Plantar fasciitis is the most common cause of foot pain we see in the clinic!
The plantar fascia is a ligament that runs along the bottom of the foot, from the heel to the toes. Its primary function is to support the arch and is involved in the function of the big toe joint.
If excessive force is placed through the plantar fascia it can result in inflammation and micro tears of the soft tissue that makes up the plantar fascia, causing pain. Plantar fascia is characterised by pain on standing, especially first thing in the morning. Symptoms will often then ease off before returning with a vengeance later in the day!
Plantar fasciitis occurs as a result of repetitive strain combined with underlying biomechanical factors. A number factors can contribute to this including:
– Flat feet
– High arched feet
– Being overweight
– Sudden increase in physical activity
– Traumatic injury
– Wearing shoes that are unsupportive or ill fitting
– Being on feet for most of the day
– Underlying medical conditions
– An abnormality in gait (walking) cycle or foot type that places excessive force on the fascia
– Tight calves
– Muscle weakness
– Contracture (tightening) of the plantar fascia
How is plantar fasciitis diagnosed?
Plantar fasciitis can usually be diagnosed through a thorough clinic assessment. In some cases we may require x-ray and/ or ultrasound imaging to rule out other conditions. Your podiatrist can write any referrals required for imaging but if you have already had some scans, be sure to bring them with you to your appointment.
There are a number of conservative treatments that when used in combination have been shown to effectively treat plantar fasciitis. These include:
Orthotics: Orthotics are used to alter forces during standing and the walking cycle. They can address biomechanical abnormalities and reduce the plantar fascia’s exposure to forces. They may be required for more chronic cases or severe abnormalities and are used as both a treatment and preventative measure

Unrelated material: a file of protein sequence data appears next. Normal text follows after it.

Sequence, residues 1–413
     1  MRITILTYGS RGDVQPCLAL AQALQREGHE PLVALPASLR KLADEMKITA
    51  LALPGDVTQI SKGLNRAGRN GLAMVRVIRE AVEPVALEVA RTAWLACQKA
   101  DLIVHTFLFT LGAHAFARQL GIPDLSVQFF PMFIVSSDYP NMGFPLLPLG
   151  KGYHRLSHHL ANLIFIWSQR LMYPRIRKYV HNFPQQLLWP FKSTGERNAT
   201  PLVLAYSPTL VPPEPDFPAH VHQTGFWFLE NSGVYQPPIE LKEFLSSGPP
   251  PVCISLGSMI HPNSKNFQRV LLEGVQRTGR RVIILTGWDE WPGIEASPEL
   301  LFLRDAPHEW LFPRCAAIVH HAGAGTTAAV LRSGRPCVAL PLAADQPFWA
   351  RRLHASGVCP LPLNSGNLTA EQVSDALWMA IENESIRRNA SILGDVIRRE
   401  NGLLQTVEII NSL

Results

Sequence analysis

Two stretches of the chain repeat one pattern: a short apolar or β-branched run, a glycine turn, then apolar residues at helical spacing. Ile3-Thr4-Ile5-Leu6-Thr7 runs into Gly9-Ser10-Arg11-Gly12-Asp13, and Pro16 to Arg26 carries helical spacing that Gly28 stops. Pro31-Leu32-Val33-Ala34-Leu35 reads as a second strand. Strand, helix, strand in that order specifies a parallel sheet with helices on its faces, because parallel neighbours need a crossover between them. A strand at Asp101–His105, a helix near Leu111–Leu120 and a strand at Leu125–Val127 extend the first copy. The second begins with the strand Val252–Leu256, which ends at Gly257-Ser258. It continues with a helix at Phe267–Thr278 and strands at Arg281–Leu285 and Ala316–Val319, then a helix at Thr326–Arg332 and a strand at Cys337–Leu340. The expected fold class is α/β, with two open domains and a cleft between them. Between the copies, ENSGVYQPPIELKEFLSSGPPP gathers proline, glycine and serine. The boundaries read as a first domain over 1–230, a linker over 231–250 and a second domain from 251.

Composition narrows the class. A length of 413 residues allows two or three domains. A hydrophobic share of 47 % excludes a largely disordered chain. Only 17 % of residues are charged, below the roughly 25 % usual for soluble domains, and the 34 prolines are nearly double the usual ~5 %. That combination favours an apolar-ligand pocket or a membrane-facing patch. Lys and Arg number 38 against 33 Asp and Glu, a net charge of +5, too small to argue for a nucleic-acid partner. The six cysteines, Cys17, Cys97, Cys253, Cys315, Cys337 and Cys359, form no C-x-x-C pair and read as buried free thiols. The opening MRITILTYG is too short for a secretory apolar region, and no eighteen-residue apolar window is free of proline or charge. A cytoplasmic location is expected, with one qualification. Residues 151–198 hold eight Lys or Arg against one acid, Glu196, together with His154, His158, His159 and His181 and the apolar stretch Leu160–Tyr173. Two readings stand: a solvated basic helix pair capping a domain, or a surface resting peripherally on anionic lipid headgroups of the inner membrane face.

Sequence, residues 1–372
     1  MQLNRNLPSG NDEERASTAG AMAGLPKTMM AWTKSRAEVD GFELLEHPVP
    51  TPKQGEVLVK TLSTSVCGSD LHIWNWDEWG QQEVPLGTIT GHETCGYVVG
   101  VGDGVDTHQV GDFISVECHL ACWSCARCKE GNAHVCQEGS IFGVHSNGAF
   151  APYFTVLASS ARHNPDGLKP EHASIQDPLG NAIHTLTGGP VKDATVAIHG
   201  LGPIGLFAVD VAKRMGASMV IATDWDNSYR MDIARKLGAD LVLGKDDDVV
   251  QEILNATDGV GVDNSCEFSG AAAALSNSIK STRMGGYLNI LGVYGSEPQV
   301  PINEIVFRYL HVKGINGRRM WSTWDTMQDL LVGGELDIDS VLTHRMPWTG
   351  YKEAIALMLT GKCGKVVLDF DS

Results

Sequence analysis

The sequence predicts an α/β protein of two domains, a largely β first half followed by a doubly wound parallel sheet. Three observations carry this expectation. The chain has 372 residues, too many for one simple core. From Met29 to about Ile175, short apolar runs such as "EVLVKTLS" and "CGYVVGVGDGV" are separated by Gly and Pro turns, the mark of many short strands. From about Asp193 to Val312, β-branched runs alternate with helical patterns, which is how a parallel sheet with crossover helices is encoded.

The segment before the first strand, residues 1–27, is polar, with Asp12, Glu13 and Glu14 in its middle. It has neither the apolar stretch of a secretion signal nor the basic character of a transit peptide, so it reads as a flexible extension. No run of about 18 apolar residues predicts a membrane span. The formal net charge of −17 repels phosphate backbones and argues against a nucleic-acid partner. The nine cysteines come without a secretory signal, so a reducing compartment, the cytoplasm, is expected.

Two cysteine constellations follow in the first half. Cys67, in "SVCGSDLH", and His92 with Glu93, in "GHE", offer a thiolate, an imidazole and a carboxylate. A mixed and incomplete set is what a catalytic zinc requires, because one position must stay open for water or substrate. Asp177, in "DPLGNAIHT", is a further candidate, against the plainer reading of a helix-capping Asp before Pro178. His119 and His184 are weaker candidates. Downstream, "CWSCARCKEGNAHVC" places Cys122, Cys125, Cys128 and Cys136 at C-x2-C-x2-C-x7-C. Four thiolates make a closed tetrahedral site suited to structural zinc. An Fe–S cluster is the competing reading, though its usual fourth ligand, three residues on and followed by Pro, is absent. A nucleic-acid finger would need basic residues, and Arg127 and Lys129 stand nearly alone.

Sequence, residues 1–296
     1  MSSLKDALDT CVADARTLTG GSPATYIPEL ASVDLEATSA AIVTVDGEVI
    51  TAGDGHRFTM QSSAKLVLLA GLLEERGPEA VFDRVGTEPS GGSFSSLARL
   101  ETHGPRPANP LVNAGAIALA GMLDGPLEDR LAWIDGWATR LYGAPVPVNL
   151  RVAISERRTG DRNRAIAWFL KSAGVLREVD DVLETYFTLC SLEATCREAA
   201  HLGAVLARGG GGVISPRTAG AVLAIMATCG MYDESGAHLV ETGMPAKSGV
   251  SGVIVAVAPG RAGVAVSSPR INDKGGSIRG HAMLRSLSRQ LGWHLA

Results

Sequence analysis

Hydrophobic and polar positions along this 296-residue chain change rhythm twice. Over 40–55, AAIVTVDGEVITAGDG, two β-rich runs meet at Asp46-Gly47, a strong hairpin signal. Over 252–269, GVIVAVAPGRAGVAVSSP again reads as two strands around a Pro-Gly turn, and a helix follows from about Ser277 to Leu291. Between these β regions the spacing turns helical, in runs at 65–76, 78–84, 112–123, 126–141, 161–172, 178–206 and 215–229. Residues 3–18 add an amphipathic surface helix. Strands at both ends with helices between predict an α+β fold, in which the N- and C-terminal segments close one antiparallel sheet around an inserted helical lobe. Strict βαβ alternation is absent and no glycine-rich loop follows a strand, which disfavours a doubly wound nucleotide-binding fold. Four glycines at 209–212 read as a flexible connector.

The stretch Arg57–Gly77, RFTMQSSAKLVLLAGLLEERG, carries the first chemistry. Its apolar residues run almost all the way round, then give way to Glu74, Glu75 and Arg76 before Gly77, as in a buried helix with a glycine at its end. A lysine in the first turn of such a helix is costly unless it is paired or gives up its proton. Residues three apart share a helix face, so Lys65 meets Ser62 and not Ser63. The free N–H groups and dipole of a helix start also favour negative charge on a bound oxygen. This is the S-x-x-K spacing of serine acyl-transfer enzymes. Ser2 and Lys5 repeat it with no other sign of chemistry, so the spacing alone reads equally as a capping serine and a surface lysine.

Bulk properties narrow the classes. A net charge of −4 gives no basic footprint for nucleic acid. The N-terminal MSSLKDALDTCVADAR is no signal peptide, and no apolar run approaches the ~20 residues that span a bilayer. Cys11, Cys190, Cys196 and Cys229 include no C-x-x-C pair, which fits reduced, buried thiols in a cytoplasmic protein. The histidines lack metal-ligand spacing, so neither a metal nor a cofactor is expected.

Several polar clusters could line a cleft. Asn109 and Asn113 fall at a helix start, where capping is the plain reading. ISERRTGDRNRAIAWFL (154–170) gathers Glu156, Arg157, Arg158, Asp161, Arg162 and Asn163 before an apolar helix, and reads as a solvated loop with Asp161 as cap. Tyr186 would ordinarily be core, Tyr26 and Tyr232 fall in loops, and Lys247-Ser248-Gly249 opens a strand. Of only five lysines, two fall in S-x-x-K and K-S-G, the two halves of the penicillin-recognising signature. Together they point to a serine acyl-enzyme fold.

Shockwave therapy: Shockwave can be used as both a stand alone or adjunct therapy to help expedite the healing process. It is a non-invasive treatment meaning you are able to continue on with your normal day following treatment. If you have suffered with plantar fasciitis for a long period and want to get back to sport as soon as possible then this is a perfect treatment method to add.
Footwear: Shoes should provide support and protect the foot while allowing it to function efficiently. Features of the shoe to look for include effective shock absorption, firm heel support and a secure lacing system.
Stretching and strengthening: This is imperative in any treatment plan as it creates a strong and flexible foot that is capable of absorbing and redistributing the force that our feet experience daily. Our podiatrists tailor programmes to suit each patients’ needs.
Taping: Taping is extremely beneficial in reducing forces through the plantar fascia particularly in early stages of plantar fasciitis, for both temporary symptomatic relief and diagnostic purposes.
Manual therapies: These may be included in the treatment plan to speed up the healing process by physically releasing tight and affected muscle groups. Manual therapies may include massage, dry needling and joint mobilisation.
Frequently asked questions about Plantar Fasciitis
Recovery time from plantar fasciitis ranges depending on the duration and severity of the condition. The plantar fascia receives little blood flow compared to other types of tissue such as muscle and can take extra time to heal. If only a mild case, symptoms can start to decrease within weeks with complete resolution of pain in 6-10 weeks. For more severe cases complete recovery may take longer however in 90% of cases symptoms improve dramatically within 2-3 months. If left untreated this can become a chronic condition resulting in compensation in other areas including the hip, knee, ankle and back.
Plantar fasciitis is the most common cause of foot pain that is seen in the clinic. Research has suggested that it affects 3.6% of people at any given time and up to 10% of people over the age of 50. The condition affects females more often than males.
It is suggested that approximately 50% of people with plantar fasciitis symptoms also have a heel spur. However, it is important to understand that heel spurs themselves are not the cause of pain. Many people may have a heel spur and be completely asymptomatic and unaware that they have one.